Of the directors deconstructing how Richard Matt and David Sweat escaped from Clinton Correctional Facility, Richie Elson has an inside advantage.
The LA-production freelancer grew up in the North Country, his father, David, a retired corrections officer (1988-2003), his many friends still working at the maximum security state prison, where the escaped murderers spirited away to a short-lived freedom in June 2015.
“We Stand Corrected: Dannemora” tells the story from those who were trying to capture Matt and Sweat and avoid them.
“When I heard about the escape, it obviously hit really close to home and was a story that I followed extremely, especially because my dad worked there,” Elson, House of Mirrors Entertainment producer, said.
“I still had friends working that were working there. I was intrigued by it.”
From the beginning, he noticed the media coverage.
“Especially from the national news networks like CNN and some of the bigger ones, they seemed to not be getting the story right,” Elson said.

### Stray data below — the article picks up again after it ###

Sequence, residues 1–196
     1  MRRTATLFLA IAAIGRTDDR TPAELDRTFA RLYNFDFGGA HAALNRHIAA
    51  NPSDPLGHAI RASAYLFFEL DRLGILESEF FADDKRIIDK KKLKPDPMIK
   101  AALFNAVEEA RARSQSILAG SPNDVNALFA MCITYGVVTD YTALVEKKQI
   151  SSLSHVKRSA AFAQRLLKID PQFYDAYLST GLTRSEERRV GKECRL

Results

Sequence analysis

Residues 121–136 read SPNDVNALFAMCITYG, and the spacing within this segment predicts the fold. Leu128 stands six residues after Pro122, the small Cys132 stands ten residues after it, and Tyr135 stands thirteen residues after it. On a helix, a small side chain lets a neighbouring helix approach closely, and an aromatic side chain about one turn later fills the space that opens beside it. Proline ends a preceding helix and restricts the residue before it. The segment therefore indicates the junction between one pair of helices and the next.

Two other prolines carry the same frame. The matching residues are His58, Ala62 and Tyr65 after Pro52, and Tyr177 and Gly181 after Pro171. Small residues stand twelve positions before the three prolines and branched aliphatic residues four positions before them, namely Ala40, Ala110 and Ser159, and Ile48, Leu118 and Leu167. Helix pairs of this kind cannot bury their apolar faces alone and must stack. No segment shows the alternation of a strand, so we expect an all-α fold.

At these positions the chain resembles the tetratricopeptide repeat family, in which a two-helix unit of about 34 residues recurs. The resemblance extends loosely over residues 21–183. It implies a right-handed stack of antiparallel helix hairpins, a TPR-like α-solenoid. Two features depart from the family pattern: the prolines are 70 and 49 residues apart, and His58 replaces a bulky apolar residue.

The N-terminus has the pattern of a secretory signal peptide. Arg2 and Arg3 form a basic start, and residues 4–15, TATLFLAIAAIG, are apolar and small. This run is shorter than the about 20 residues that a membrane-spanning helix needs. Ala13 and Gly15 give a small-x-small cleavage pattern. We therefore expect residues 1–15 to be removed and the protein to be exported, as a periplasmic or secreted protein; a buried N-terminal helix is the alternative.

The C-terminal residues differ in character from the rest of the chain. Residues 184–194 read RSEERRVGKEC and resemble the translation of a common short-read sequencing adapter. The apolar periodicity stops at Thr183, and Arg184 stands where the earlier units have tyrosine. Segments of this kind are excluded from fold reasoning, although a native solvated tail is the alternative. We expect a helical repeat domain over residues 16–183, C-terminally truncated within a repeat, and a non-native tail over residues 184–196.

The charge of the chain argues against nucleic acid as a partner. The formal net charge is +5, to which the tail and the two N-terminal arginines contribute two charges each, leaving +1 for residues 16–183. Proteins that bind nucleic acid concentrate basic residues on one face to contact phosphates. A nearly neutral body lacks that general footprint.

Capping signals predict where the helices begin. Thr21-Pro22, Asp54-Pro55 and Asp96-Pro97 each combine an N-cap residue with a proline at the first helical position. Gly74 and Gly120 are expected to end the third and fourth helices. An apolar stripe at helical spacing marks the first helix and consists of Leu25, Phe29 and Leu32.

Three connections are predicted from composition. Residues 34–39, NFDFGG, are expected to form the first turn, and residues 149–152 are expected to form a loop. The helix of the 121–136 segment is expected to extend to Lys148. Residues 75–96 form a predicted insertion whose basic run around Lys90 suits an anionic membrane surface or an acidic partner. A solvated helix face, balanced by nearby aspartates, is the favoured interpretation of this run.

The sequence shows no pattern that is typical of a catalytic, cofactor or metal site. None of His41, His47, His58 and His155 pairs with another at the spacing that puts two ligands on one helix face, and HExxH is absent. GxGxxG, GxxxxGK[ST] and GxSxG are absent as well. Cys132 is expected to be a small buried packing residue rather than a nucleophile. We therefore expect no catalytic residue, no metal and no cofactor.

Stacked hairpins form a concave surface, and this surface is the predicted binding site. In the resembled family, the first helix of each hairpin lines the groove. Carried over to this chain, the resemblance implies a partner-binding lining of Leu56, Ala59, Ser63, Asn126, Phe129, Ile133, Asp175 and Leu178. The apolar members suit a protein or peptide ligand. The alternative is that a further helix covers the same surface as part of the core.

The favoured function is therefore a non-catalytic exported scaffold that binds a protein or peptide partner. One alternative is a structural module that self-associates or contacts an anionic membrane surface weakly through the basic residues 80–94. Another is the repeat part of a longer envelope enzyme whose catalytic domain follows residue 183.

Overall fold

“They seemed to pointing a lot of fingers at the officers. I could tell that it was affecting my dad even though he had been out of corrections for awhile.
“I could tell that the way correction officers were being represented was very frustrating.”
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It became clear to him that he wanted to try to tell this story from their perspective.
The long view
On the indie documentary, he partnered with his wife, Lisa Kestenbaum, and Bobby Crockett, producing partner, who was the project’s director of photography.
The trio worked on it for more than four years.
“I basically started researching it while it was still going on,” Ellison said.
“It’s been a constant process ever since. The three of us put it together, and we started taking trips to the North Country.”
First, they got in touch the New York State Correctional Officers and Police Benevolent Association (NYSCOBA).
“We heard that they were doing a rally in Albany,” Elson said.
“We attended the rally, and I met a few of their representatives and was able to do a first couple of interviews there.”
Those contacts put him in touch with other retired correction officers and other people in the area.
“It started gaining some steam,” he said.